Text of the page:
It should be noted that our stopping tolerances (time greater than \(10^4\) and time derivative less than \(10^{-3}\)) were simply chosen to ensure that the system was close to a steady state. The values themselves have no specific meaning as we are working within a non-dimensionalised setting. However, such thresholds are a critical point for a modeller to consider in applications, as without well-defined scales for the kinetic rates, spatial resolution, and time duration of pattern formation, we cannot conclude, for example, whether \(10^4\) time units is a sensible length of time (Woolley et al. 2010).

### Circular Parameter Region

Suppose we want our system to be a pure kinetic system and to pattern within the circular parameter region \(\Omega =\{(a,b)\in {\mathbb {R}}|S(a,b)=1-a^2-b^2>0 \}\). Note that we do not make any claims as to the system dynamics outside of \(\Omega \). We can define \(F'=1-a^2\) and \(G'=b^2\) and consider

By considering the maximum of Eq. (19), plotted in Fig. 2a, we derive that any diffusion rate larger than \(D_c=(1+\sqrt{2})^2\approx 5.8 \) will cause the system to present a Turing instability for all \((a,b)\in \Omega \). For a conservative approach, we choose \(D=\sup _{\overline{\Omega }}4(1+F')=8\). Further, we also need to ensure that the domain size is larger than

Figure 2b illustrates that even though the bound derived in Eq. (38) is only a sufficient condition, it still serves as quite a sharp bifurcation point, at least in this case. Specifically, for the parameters defined in the caption of Fig. 2b a mode one Turing pattern appears when \(L=3.8>L_c\), but not for slightly smaller domains.

All of the analytical results and bounds still hold in two spatial dimensions, with an increase in the number of potential patterning structures. Specifically, whereas in one dimension we are only able to generate peaks and troughs, two dimensions provide the option of stripes, spots and labyrinthine patterns, since there is now a vector of wave modes, \(\varvec{k}=(k_x,k_y)\) that can be unstable. Patterning structures become even more complex in three spatial dimensions and beyond (Leppänen et al. 2002, Callahan and Knobloch 1999). Critically, a simple encompassing framework to categorise such higher spatial dimensional patterns does not currently exist, as the distinction relies on nonlinear dynamics (Ermentrout 1991).

We now numerically evidence that for the chosen kinetics, all patterns in the circular parameter domain correspond to spot patterns. In order to sweep over \(\Omega \), we transform the parameters (*a*, *b*) into their polar forms \(a=r\cos (\theta )\), \(b=r\sin (\theta )\) and consider multiple values for *r* and \(\theta \). Note that simulations were completed over the \((r,\theta )\) domain of \([0,2]\times [0,2\pi )\), using 40 equally spaced values of *r* and 10 equally spaced values of \(\theta \). Figure 3 illustrates five representative final steady states of these 400 simulations for different values of \((r,\theta )\). Although pattern alignment and extremal values vary, the patterns within the \(\Omega \) parameter region are all spot patterns. By construction, the patterns only exist when \(0 \le r<1\) (subfigures A–D) and not for \(r>1\) (subfigure E).

### Non-contiguous Parameter Regions

We now give an example of a reaction–diffusion system that is Turing unstable on an unbounded and non-contiguous parameter region, assuming a large enough spatial domain and diffusion ratio, *D*, can be prescribed. To take the complexity one step further, we construct a system that takes a pure kinetic form on one of the regions, whilst taking a cross-kinetic form on the other.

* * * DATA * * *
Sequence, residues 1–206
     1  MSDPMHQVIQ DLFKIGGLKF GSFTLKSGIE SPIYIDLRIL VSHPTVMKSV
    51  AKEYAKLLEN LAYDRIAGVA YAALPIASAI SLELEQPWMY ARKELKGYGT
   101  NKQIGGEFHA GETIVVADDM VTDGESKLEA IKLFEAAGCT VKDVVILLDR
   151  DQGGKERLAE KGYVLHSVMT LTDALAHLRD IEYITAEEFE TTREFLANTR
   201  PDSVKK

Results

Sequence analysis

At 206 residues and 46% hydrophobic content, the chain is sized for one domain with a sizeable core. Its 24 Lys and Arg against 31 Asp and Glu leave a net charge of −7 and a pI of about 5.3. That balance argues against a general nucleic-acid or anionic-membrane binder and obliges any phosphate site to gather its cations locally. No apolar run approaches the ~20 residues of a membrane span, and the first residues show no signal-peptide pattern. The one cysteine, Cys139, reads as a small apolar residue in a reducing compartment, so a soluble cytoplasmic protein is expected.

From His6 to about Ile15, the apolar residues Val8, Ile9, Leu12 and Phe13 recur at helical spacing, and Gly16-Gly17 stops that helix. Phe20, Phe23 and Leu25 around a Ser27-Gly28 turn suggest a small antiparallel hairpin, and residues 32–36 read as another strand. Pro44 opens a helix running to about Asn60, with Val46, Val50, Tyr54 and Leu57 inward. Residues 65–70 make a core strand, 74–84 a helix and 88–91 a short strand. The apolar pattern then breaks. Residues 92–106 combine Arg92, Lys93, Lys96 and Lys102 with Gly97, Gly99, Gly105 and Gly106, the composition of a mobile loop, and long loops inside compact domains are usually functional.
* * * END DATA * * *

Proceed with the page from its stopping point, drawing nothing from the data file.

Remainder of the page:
We begin by specifying the disconnected domain,

illustrated in Fig. 4a, which specifies the two non-contiguous regions that we will be working with. If we simply wanted to specify that the Turing pattern was active on only both these regions, we could simply use the kinetics derived in Sect. 2.2 using \(F=(a-3)^2\) and \(G=b^2+1>1\). However, we note that because the space is unbounded, we can no longer specify a single value for \(D_c\) for all parameter space. For any given parameter set, \((a,b)\in \Omega \), we are still able to use the inequalities derived in Sect. 2 to create a valid diffusion constant and domain size; however, this has to be computed parametrically. Here, we consider the case that \(0\le a\le 6\) and, so, \(D=50\) is sufficient (see Fig. 4b).

Critically, further refinement of the kinetics is required to address the constraint that the kinetics are of different types in the different regions. To enforce this, we return to the linearised perturbation system of Eqs. (15) and (16)

and redefine the perturbation \(\epsilon _u=\epsilon '_u/(a-3)\); thus, the perturbation changes sign depending on whether *a* is greater than or less than 3. The perturbed system is now of the form

and, thus, has a cross-kinetic Jacobian sign structure if \(a>3\), i.e. (*a*, *b*) is in the right-hand region of \(\Omega \), whilst it has a pure kinetic Jacobian sign structure if \(a<3\), i.e. (*a*, *b*) is in the left-hand region of \(\Omega \). Thus, knowing the structure of the Jacobian that we require, i.e.

we define generic kinetic forms, akin to Eq. (31), and determine the constants in these kinetics analogously to derivations in Sect. 2.2. A suitable set of kinetics is found to be

It should be noted here that system (45)–(46) highlights a critical point made earlier that the presented theory guarantees that our patterning requirements are met within the defined parameter region. Outside of this region, we have not provided any constraints. Indeed, in the case of \(a=3\) (45) suffers from finite time blow up. However, \(a=3\) is outside of the parameter region of interest of \((a-3)^2-b^2\ge 1\). There are many ways of fixing such problems, e.g. by replacing the term \((4-\alpha )u^2\) with \((4-\alpha )u^2/(1+u^2\epsilon ^2)\) for sufficiently small \(\epsilon \). However, in this paper we focus on the dynamics within \(\Omega \), where \(S(\varvec{p})>0\) and leave further subtleties to future work.